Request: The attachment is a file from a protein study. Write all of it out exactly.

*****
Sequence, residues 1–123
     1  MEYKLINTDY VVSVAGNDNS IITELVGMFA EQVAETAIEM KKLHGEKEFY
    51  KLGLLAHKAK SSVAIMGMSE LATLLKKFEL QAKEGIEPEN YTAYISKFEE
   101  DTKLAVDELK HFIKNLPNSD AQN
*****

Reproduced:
Sequence, residues 1–123
     1  MEYKLINTDY VVSVAGNDNS IITELVGMFA EQVAETAIEM KKLHGEKEFY
    51  KLGLLAHKAK SSVAIMGMSE LATLLKKFEL QAKEGIEPEN YTAYISKFEE
   101  DTKLAVDELK HFIKNLPNSD AQN